Enhance your visit with Castiglione-inspired artmaking, learning opportunities, and other creative activities! More
Ever wondered what it was like to walk through Claude Monet's garden? Visitors to In Bloom: Painting Flowers in the Age of Impressionism can get one step closer to the impressionist master's own backyard through The Impressionist Garden: Scent Experience. More
The 4 Seasons of Veronica Read, on view this summer on level two of the Denver Art Museum’s Hamilton Building, portrays the titular Ms. Read as well as her hundreds of Hippeastrum plants. Turkish filmmaker and artist Kutluğ Ataman filmed Read, a middle-aged, middle-class Englishwoman, in her South Harrow flat over the course of a year. More
Some of the top Instagrammers in Denver attended a preview of the DAM exhibition In Bloom: Painting Flowers in the Age of Impressionism. More
Since the announcement in March of the Free for Kids Program, we have seen so many kids enjoying the Denver Art Museum’s exhibitions and programming...for free! Parents and teachers are thrilled. Check out one response we received:
Learning that the museum is free to kids helps encourage our families to visit-what a marvelous opportunity. This was a very enjoyable experience and I look forward to bringing groups back. More
Denver is a fast-growing, increasingly diverse city noted for its commitment to cultivating a creative economy and citizenry. As the premier fine art museum for the region, the Denver Art Museum has an important role to play in keeping this commitment. As part of this role, we are pleased to be part of the Smithsonian Affiliations network.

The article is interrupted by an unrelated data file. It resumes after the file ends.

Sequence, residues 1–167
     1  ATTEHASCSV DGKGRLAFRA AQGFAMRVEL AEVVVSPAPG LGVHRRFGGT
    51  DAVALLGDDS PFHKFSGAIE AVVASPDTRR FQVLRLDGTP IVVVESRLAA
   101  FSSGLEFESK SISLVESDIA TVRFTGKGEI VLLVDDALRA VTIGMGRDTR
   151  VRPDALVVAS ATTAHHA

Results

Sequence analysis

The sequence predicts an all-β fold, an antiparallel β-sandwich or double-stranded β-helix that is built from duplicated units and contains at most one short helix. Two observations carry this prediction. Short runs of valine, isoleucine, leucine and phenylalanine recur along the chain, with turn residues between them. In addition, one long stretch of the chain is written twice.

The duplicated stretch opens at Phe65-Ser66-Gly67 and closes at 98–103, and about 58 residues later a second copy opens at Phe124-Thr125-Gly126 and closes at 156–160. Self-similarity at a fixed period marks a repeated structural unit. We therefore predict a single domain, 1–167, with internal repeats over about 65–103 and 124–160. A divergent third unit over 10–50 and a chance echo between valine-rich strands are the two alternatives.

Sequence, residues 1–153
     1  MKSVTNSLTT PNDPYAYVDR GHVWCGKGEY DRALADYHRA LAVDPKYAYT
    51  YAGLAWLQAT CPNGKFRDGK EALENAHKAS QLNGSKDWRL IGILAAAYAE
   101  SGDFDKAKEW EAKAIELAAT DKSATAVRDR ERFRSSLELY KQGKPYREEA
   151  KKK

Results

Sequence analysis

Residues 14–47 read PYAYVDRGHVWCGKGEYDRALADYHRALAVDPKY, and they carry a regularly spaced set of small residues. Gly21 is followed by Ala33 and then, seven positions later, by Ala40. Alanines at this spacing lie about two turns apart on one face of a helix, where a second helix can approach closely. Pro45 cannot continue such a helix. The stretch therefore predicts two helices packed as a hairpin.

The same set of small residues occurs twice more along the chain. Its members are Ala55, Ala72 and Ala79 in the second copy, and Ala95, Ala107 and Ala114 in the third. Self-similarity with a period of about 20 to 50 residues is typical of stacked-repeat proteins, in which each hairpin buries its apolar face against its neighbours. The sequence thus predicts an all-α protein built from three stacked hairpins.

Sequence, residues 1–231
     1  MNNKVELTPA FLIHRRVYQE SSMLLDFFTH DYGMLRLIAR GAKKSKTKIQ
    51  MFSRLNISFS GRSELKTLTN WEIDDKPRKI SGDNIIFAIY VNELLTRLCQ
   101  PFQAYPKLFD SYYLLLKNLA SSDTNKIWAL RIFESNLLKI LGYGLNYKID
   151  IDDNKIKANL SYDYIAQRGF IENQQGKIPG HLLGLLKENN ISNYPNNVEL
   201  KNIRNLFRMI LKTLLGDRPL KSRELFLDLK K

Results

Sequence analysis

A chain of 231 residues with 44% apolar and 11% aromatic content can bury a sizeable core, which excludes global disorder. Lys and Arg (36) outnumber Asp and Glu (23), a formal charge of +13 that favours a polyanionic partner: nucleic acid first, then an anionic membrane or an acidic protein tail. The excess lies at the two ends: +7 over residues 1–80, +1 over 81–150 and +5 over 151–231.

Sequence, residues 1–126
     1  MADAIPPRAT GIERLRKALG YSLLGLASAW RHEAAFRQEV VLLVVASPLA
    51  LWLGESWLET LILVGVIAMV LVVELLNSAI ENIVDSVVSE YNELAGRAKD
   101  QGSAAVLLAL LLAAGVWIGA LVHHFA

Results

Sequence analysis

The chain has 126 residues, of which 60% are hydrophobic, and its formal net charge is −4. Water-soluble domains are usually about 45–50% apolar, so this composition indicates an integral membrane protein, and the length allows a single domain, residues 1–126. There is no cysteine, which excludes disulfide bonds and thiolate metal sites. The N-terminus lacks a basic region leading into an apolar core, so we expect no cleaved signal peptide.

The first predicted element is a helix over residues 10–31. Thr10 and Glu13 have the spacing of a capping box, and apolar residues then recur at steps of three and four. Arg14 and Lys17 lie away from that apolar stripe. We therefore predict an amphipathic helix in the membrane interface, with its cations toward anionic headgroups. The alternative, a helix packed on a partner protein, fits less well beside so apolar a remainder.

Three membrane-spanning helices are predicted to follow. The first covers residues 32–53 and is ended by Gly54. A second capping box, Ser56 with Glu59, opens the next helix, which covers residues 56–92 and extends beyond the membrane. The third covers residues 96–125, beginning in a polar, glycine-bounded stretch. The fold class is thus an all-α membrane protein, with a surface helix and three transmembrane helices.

Bringing the Smithsonian to You More
This summer, the Denver Art Museum is showcasing flower-inspired art in "arrangements" around the museum and in In Bloom: Painting Flowers in the Age of Impressionism. Flowers have served as symbols for centuries, but during the 1800s (the time of the impressionists) “floriography,” or the language of flowers, really became popular. More
As an educator on the In Bloom exhibition team at the Denver Art Museum, I often returned to a simple question as we developed the exhibition: Why flowers? The reasons that artists of the 1800s gravitated toward the subject weren’t immediately clear as we looked over the initial checklist of works that were slated to be in the show. More
For more than a century, the successes of the Denver Art Museum have been inextricably linked to the generosity of the museum’s supporters. In that spirt, the DAM is pleased to announce a new partnership with the 6 Hometown Toyota Stores that make up the Denver Toyota Dealers Association. Starting this month, the new relationship includes major underwriting support for the DAM’s popular Free First Saturdays. More
The notion of place is important to many artists—Monet tirelessly painted his garden. O’Keeffe played out her love of New Mexico in paint. But it has never been made so powerfully concrete to me as when I traveled with Denver Art Museum colleagues to Chadds Ford, Pennsylvania and mid-coast Maine in preparation for the upcoming exhibition Wyeth: Andrew and Jamie in the Studio. More